LLM Netherlands


jack
Hi all. Does anyone have any experience with LLM programs in the Netherlands. If so, which programs are reputable? It is difficult to find any kind of ranking system for Netherland universities. Thanks.

Jack
Hi all. Does anyone have any experience with LLM programs in the Netherlands. If so, which programs are reputable? It is difficult to find any kind of ranking system for Netherland universities. Thanks.

Jack
quote
Hi jack! I dont know of any ranking for Dutch universities either but I am from the Netherlands so I know people at different law schools. Schools that come to my mind with a good reputation are Leiden, the Pallas Program, Utrecht, Erasmus Rotterdam and the Maastricht University. But as we are in Europe the differences between the different institutions in terms of quality is not very big (unilke in the US).M
Hi jack! I dont know of any ranking for Dutch universities either but I am from the Netherlands so I know people at different law schools. Schools that come to my mind with a good reputation are Leiden, the Pallas Program, Utrecht, Erasmus Rotterdam and the Maastricht University. But as we are in Europe the differences between the different institutions in terms of quality is not very big (unilke in the US).M
quote
jack
Thanks for the information. How about Amsterdam Law School?
Thanks for the information. How about Amsterdam Law School?
quote
Hi Jack! Well, I think it should be quite as good as all the other schools here but I think you will not have much time to study if you live in Amsterdam ;-) No seriously, I dont know that much about its reputation as I said all schools are pretty good so hard to say which one is the best.
Hi Jack! Well, I think it should be quite as good as all the other schools here but I think you will not have much time to study if you live in Amsterdam ;-) No seriously, I dont know that much about its reputation as I said all schools are pretty good so hard to say which one is the best.
quote
Star
Hi Jack! Well, I think it should be quite as good as all the other schools here but I think you will not have much time to study if you live in Amsterdam ;-) No seriously, I dont know that much about its reputation as I said all schools are pretty good so hard to say which one is the best.


Hi Marije,
See, I am always around.
So comparatively, Leiden is more like a student town and peaceful for study?
<blockquote>Hi Jack! Well, I think it should be quite as good as all the other schools here but I think you will not have much time to study if you live in Amsterdam ;-) No seriously, I dont know that much about its reputation as I said all schools are pretty good so hard to say which one is the best.</blockquote>

Hi Marije,
See, I am always around.
So comparatively, Leiden is more like a student town and peaceful for study?
quote
Hi Star, nice you joined in! Yes, you could say that, a nice peaceful small student city. The thing with NL is that its a really small country so getting from one place to another never takes longer than one hour. People live in Leiden and other cities and go out in amsterdam on the weekend no problem.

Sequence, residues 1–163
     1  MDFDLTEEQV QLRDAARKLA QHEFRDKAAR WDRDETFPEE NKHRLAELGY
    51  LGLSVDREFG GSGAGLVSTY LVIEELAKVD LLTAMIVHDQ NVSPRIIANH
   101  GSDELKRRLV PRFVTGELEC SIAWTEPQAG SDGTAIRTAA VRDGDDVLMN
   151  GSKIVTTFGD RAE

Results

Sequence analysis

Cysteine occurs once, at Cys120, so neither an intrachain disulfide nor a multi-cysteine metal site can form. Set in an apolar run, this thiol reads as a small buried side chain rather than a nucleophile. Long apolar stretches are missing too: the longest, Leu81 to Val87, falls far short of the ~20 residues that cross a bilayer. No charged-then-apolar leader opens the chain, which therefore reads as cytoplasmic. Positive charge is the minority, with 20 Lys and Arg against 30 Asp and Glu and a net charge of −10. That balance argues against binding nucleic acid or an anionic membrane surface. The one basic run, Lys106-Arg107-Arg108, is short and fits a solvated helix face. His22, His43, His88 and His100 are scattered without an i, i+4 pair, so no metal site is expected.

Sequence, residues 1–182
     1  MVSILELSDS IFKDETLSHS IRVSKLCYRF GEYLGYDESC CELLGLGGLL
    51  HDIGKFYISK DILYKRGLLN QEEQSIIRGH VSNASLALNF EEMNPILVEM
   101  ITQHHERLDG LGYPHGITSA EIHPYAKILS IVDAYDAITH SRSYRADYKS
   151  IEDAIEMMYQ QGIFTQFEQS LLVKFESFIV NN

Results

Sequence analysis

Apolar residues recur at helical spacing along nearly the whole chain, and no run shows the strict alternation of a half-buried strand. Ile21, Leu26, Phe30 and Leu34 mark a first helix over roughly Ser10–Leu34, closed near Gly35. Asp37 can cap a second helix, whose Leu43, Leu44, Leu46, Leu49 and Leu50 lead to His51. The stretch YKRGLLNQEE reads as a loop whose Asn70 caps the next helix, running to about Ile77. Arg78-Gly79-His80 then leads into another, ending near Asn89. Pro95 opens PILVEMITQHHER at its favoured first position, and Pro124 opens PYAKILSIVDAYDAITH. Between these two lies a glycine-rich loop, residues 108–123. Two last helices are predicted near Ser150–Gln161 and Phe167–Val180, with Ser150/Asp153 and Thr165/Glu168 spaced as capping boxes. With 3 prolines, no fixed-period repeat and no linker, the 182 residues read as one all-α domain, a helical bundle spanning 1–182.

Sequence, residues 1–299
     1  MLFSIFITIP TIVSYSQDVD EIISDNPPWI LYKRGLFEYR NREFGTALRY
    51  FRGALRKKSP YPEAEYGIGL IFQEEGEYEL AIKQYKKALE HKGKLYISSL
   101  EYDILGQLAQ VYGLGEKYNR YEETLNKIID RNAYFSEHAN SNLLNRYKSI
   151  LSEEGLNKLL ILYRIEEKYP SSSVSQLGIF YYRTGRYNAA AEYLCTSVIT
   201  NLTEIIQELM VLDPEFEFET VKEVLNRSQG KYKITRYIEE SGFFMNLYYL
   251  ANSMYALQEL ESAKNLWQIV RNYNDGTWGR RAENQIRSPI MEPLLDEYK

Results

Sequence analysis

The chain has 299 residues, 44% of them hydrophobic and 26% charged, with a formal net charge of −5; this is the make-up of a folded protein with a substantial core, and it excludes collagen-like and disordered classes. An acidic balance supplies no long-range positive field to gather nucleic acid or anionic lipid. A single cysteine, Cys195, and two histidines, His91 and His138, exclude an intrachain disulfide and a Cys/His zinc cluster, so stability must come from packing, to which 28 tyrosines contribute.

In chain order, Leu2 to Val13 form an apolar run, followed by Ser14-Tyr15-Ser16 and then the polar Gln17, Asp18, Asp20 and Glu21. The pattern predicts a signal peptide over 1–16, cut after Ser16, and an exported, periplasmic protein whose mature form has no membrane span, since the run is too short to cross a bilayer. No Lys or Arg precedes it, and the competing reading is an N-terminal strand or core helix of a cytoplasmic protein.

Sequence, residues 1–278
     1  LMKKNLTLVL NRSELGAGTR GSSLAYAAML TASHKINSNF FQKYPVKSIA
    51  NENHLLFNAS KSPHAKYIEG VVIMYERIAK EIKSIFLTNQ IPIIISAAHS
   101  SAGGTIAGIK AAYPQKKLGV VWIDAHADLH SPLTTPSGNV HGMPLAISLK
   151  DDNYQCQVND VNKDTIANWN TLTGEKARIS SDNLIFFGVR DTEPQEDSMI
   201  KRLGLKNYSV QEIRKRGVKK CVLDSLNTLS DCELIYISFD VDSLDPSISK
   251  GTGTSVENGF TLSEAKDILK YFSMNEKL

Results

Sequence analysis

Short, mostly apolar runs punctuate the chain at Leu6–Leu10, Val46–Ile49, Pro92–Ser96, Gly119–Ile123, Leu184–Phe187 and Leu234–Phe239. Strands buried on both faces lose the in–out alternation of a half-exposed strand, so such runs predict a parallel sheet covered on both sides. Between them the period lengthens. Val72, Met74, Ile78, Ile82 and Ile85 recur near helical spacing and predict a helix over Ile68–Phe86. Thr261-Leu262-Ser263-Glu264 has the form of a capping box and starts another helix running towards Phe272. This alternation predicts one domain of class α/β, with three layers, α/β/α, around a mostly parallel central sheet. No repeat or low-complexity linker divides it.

Hi Star, nice you joined in! Yes, you could say that, a nice peaceful small student city. The thing with NL is that its a really small country so getting from one place to another never takes longer than one hour. People live in Leiden and other cities and go out in amsterdam on the weekend no problem.
quote
dav81
Hi people! As I'm going to take a LLM at Tilburg University, does anyone know something about it? Or something about the town? If you have already had this experience, let me know. Thank you friends!
Davide
Hi people! As I'm going to take a LLM at Tilburg University, does anyone know something about it? Or something about the town? If you have already had this experience, let me know. Thank you friends!
Davide
quote
Anneke
Hi guys,
just joined. I am a Dutch student and I read on the website of Qanu (the Dutch accreditation organ) that they just accredited the Law Programmes in Holland. The thing is that the text is in Dutch. I will try to make a translation soon about the conclusion parts and try to post it here.
I think all uni's are good here, but you have to make a definite distinction in Holland between the Hogescholen and the Universities. I know that the Hogescholen like to translate their names to Universities as well. The thing is that the Hogescholen cannot grant LL.M.'s! The difference between Hogescholen and Universities is that Universities are academic schools, whereas the Hogescholen are better categorised by 'vocational training', I think. Keep that in mind if you are chosing an LL.M. in the Netherlands.
Good luck searching and deciding. I will do my best for the translation.
Greetings,
Anneke.
Hi guys,
just joined. I am a Dutch student and I read on the website of Qanu (the Dutch accreditation organ) that they just accredited the Law Programmes in Holland. The thing is that the text is in Dutch. I will try to make a translation soon about the conclusion parts and try to post it here.